A new person joins the organ transplant waiting list every 10 minutes, and at least 22 people die each day waiting for a transplant, according to the federal Organdonor.gov website. One person who has had the good fortune to receive such a transplant is using his life extension to educate and encourage potential donors.
Baseball Hall of Famer Rod Carew earlier this month made his first trip back to Minnesota since a heart and kidney transplant last December. He threw out the first pitch at the July 3 Minnesota Twins-Los Angeles Angels game in recognition of his 1977 MVP season and his 1967 American League Rookie of the Year season.
He suffered a massive heart attack in September 2015 and was put on the heart transplant waiting list. A new heart was found after former pro football player Konrad Reuland died at age 28 after a brain aneurysm on December 12, 2016. Carew underwent surgery four days later on December 16.
“I’m moving slower,” Carew told reporters at an earlier press conference at the Twins’ ballpark that included the MSR. “Things are coming along good. I’m also trying to push myself to make sure I get my work in,” referring to his cardio rehabilitation sessions.
“I carry him with me inside me every day so he can help me go out and save some lives,” declared Carew of Reuland. “I met Konrad when he was about 11 years old at a basketball game. What goes around comes back — I haven’t seen that kid for a long time. He passed away so I can live.”
According to Organdonor.gov, Blacks have higher rates of diabetes and high blood pressure than Whites, which increase the risk of organ failure: 25 percent of Blacks on organ waiting lists need a new heart, and 34 percent are waiting for a new kidney.
Asked for his advice to our primarily Black audience about the importance of organ donations, Carew pointed out that too many Blacks don’t understand organ donations. “That’s a very important statement, because when Michelle [his late daughter who died in 1996 of leukemia at age 18] was in the hospital and she was trying to find a [bone marrow] match to keep her living, the toughest times I felt I went through were when I went into the African American community or the Hispanic community to talk to people about donating.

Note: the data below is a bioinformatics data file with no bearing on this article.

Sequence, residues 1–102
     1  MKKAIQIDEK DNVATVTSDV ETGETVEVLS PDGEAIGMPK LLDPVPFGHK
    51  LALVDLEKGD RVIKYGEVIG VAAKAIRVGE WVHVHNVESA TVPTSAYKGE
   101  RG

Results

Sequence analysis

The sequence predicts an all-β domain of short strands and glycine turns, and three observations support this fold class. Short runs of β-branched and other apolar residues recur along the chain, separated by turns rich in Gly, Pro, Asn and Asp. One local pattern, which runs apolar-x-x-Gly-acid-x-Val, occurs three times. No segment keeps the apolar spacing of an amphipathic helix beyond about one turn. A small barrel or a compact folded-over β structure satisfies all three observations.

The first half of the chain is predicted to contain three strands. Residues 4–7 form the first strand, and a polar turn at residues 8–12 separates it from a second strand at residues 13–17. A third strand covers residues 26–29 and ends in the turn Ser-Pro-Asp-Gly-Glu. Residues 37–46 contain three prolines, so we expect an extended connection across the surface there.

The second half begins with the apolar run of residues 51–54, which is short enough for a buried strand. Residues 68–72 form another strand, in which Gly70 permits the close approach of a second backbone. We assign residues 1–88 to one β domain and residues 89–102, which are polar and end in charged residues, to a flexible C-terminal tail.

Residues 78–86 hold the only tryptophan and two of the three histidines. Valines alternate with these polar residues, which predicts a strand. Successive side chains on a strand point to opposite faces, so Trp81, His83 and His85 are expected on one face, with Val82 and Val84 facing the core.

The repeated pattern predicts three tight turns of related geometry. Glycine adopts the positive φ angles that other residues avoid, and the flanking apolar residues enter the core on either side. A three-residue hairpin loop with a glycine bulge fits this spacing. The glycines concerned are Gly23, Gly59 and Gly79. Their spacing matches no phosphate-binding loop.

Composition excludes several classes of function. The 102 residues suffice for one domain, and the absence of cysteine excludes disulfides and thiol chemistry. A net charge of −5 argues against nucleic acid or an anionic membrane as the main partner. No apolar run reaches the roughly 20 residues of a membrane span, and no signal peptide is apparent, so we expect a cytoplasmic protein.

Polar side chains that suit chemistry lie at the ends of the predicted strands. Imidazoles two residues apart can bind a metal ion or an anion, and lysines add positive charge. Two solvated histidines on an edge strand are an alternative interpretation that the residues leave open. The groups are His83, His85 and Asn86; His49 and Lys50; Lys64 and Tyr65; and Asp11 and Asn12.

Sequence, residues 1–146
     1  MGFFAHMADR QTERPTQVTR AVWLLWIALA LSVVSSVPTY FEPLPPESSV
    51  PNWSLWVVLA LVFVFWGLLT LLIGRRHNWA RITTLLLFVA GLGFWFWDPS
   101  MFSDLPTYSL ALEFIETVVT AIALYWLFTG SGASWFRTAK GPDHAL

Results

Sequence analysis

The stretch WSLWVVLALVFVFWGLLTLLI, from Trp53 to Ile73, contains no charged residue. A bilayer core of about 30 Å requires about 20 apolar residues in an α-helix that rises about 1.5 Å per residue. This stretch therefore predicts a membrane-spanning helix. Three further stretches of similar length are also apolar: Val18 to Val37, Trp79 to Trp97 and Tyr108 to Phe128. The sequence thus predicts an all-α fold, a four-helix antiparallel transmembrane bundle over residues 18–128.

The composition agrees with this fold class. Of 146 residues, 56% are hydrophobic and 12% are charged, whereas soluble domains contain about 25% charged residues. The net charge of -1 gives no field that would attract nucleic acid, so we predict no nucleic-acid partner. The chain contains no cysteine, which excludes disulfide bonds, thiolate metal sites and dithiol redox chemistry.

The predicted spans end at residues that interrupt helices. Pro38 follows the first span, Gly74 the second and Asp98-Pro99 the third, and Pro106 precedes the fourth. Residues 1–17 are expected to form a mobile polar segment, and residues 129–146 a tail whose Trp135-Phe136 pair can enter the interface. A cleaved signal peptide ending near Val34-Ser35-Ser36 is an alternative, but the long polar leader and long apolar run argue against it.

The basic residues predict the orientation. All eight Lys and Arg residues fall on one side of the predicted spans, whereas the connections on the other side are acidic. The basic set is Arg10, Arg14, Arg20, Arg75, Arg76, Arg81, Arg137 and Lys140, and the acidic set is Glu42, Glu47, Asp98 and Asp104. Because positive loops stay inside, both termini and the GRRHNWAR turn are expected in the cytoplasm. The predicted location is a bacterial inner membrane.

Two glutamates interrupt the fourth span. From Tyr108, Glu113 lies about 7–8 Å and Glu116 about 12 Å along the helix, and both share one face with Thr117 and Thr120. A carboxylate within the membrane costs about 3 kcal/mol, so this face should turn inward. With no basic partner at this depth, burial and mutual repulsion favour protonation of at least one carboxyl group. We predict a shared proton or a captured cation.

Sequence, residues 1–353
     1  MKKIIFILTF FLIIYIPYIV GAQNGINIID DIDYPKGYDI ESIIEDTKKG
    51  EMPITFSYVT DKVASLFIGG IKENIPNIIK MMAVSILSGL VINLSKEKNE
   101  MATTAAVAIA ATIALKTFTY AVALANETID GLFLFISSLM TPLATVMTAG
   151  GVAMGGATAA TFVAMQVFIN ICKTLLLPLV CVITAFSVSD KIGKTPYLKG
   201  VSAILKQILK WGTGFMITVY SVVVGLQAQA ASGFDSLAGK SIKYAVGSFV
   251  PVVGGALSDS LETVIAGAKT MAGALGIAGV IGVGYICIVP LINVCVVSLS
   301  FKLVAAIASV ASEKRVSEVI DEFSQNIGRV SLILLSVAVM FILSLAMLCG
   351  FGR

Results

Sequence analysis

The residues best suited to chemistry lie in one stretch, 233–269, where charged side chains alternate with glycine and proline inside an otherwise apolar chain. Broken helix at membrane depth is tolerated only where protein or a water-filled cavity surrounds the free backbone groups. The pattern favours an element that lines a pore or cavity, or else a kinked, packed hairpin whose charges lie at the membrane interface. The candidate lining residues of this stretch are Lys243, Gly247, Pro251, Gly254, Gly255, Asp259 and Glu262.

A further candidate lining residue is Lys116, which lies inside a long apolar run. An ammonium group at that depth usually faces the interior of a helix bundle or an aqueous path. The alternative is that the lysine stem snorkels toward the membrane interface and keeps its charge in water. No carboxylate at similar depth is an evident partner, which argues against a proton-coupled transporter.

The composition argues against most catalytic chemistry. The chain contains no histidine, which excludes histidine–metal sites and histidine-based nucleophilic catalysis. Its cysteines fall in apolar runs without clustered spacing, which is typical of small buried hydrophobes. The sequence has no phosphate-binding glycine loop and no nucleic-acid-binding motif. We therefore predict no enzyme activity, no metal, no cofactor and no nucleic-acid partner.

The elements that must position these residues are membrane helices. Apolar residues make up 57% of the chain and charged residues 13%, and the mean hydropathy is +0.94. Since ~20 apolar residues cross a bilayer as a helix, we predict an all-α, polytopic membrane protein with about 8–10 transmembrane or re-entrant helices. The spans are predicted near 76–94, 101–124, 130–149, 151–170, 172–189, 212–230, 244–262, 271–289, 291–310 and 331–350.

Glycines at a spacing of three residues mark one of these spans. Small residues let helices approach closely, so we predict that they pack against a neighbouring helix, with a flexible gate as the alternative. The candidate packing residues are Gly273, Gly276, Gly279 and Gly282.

“To them it was a myth… Something is going to be taken away from them. The government would take it away and never give it back.
“You give [bone] marrow, then in two weeks it grows back,” continued Carew. Some believe that the procedure will leave the donor “in a lot of pain for a long time. I got into a lot of arguments with African Americans and friends about it.”
Since the surgery, Carew and his wife Rhonda have been out and about for more support for organ donations. With the support of the Twins, they started the Heart of 29 campaign in conjunction with the American Heart Association.
“Now I am going out…to give someone the chance to live. Give someone the chance to go on living and doing the things they love to do. And [the] understanding that the greatest gift you can give is to live,” said Carew.
“It’s been a blessing. I hope that the African American and Hispanic communities understand that what they are doing is helping someone else. It is very important.”
Individuals can either sign up online (www.organdonor.gov) or in person at a local motor vehicles department. The site estimates that 119,000 men, women and children are on the national organ transplant waiting list.
August 1-7 is National Minority Donor Awareness Week to educate and encourage more people to register as donors as well as take better care of their health.
“We have to understand that we’ve got to take care of our own body,” Carew told the MSR after the press conference. “We have to forget about the excuses and realize that God will lead us in the right direction.”
The Hall of Famer says he is doing all he can do with his new lease on life: “[God] wants me to do this. He wants me to go out and share with people…hoping that they will listen and understand and do the right thing.”
Charles Hallman welcomes reader responses to firstname.lastname@example.org.